The next outburst of Oregon music in a “classical” setting I saw this spring occurred at the Astoria Music Festival’s sole contemporary music offering featured the music of North Coast native Israel Nebeker, best known as the creative force behind one of my favorite Oregon bands, Blind Pilot. He comes from a family with deep ties to Astoria arts — his father Royal was a beloved painter, printmaker and teacher there for four decades before his death last year.

Israel Nebeker performed with string quartet at the Astoria Music Festival.

Israel Nebeker performed with string quartet at the Astoria Music Festival.

Initially billed as including a new classical work by Israel, the June 16 showcase turned out to be merely Nebeker singing over string quartet arrangements of some of his spellbinding songs (including some from what promises to be powerful upcoming album), plus a couple of forgettable tidbits and a performance of Arnold Schoenberg’s Transfigured Night accompanied by a striking film, commissioned by the festival, by Takafumi Uehara. I doubt anyone minded. I sure didn’t. Richie Green’s tasteful arrangements left plenty of room for Nebeker’s plaintive tenor vocals and guitar (and on “Umpqua Rushing,” ukulele), although in a couple of cases, they seemed to warm up the emotion so much that it undercut the ethereal starkness at the heart of many Blind Pilot songs, which often adds so much poignance. In other cases, like the instrumental intros to “Joik #3” (a joik is a traditional song style of the north Scandinavian Sami people) and “What is Yet,” and the plucked cello bassline of “Seeing is Believing,” the strings added a dimension that made me hope to see Green and Nebeker working together again, with songs conceived for strings from scratch, like Elvis Costello’s The Juliet Letters.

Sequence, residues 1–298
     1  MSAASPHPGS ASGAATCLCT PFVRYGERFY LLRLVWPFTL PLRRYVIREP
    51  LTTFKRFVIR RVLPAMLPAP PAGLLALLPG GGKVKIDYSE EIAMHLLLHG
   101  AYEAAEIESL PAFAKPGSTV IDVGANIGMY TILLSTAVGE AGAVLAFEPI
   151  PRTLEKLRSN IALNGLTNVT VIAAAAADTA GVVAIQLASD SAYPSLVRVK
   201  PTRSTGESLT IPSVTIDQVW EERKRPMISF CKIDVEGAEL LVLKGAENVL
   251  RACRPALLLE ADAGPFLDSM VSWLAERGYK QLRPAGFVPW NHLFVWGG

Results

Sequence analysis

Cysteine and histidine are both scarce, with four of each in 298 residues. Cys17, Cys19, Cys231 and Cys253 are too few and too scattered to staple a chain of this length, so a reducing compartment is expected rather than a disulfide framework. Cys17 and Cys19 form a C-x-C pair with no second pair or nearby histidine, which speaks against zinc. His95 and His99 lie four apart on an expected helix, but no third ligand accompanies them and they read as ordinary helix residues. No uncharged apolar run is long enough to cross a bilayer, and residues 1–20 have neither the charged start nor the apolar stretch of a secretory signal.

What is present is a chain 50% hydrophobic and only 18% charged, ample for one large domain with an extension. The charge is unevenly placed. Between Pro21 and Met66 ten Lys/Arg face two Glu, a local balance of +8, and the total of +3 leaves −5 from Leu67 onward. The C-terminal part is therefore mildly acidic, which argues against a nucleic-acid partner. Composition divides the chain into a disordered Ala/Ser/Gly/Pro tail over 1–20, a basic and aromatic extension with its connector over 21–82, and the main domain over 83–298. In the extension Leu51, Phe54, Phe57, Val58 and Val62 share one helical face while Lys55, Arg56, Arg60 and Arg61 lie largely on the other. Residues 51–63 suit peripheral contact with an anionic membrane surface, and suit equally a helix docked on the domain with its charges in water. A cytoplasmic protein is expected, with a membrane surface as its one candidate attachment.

To the Makrokosmos

Which brings us back to Makrokosmos, the five-hour gallery show that included Kenji Bunch’s Unleashed set, whose earthy dance beats sounded about as far removed as imaginable from this year’s project’s primary focus: the relatively abstract music of one of America’s most visionary and singular living composers, George Crumb, who over the course of a five decade long career has constructed a completely original and instantly recognizable sound world.